Skip to main content
Premium Trial:

Request an Annual Quote

Shimadzu Opens New Center at UT Arlington

NEW YORK (GenomeWeb News) – Shimadzu Scientific Instruments today announced the opening of the Shimadzu Center for Advanced Analytical Chemistry at the University of Texas at Arlington.

The center is equipped with $6 million of chromatography, mass spectrometry, and spectroscopy equipment, making it the largest installation of Shimadzu analytical instrumentation in the Western Hemisphere, Shimadzu said.

The new center will allow researchers at the UT Arlington College of Science and the College of Engineering "to access the enhanced capabilities for trace qualitative and quantitative analysis," the company said, adding its instruments will be used in research aimed at preventing and treating illnesses such as cancer and malaria, and developing nanofabrication materials.

Mass spec-based research will be performed to test ways of analyzing cuticular lipids that can tell the age of a species of mosquitoes known to spread malaria, for example. Also, mass specs will be used to analyze chemicals in the environment that may interfere with normal hormone functions and cause cancer.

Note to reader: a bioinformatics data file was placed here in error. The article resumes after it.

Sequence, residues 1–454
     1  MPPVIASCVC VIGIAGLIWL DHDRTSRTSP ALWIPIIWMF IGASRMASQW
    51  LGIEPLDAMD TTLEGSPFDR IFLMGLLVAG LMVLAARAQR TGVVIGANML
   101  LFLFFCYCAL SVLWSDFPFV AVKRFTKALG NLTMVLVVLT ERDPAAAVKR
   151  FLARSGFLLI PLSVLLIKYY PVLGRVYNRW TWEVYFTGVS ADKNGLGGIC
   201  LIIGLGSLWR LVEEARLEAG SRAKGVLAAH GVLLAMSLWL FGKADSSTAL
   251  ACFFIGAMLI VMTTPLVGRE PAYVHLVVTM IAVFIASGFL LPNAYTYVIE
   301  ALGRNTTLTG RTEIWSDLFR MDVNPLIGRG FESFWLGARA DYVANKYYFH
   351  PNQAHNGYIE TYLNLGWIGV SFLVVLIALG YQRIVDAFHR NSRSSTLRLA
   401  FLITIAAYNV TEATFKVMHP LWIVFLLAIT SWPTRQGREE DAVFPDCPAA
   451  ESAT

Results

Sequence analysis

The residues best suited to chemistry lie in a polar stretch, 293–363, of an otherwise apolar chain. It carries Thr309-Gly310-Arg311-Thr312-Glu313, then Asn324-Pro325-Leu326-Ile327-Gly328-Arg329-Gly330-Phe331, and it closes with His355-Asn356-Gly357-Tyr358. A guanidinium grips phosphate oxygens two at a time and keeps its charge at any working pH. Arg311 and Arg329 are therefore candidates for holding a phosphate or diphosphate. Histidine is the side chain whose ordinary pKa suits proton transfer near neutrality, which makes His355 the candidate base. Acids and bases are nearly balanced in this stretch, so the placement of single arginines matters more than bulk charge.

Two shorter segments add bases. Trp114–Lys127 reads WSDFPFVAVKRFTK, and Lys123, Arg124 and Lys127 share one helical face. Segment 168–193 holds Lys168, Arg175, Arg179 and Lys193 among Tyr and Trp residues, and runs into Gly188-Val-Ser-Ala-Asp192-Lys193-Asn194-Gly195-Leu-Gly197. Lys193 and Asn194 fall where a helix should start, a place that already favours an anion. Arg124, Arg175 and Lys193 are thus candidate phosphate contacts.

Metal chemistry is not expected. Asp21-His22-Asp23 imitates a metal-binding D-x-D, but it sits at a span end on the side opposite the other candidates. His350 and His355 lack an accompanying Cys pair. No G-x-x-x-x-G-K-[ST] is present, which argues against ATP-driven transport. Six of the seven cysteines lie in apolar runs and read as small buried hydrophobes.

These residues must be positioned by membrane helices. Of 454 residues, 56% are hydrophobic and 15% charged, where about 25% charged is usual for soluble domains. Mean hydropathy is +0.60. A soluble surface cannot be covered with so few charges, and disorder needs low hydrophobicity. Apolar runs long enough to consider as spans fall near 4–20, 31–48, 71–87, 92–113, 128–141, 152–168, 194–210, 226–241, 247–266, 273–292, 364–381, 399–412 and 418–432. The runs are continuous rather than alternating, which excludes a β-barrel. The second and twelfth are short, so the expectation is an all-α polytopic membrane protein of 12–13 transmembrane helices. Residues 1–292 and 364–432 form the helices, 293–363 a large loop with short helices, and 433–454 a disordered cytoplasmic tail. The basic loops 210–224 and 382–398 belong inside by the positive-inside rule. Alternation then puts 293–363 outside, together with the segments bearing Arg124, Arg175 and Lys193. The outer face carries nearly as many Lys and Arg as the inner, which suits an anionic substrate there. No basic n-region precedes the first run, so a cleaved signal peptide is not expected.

In conjunction with the opening of the center, Kevin Schug was named the Shimadzu Distinguished Professor of Analytical Chemistry. Schug, an associate professor of chemistry and biochemistry at UT Arlington, will oversee the center.

The Scan

Billions for Antivirals

The US is putting $3.2 billion toward a program to develop antivirals to treat COVID-19 in its early stages, the Wall Street Journal reports.

NFT of the Web

Tim Berners-Lee, who developed the World Wide Web, is auctioning its original source code as a non-fungible token, Reuters reports.

23andMe on the Nasdaq

23andMe's shares rose more than 20 percent following its merger with a special purpose acquisition company, as GenomeWeb has reported.

Science Papers Present GWAS of Brain Structure, System for Controlled Gene Transfer

In Science this week: genome-wide association study ties variants to white matter stricture in the brain, and more.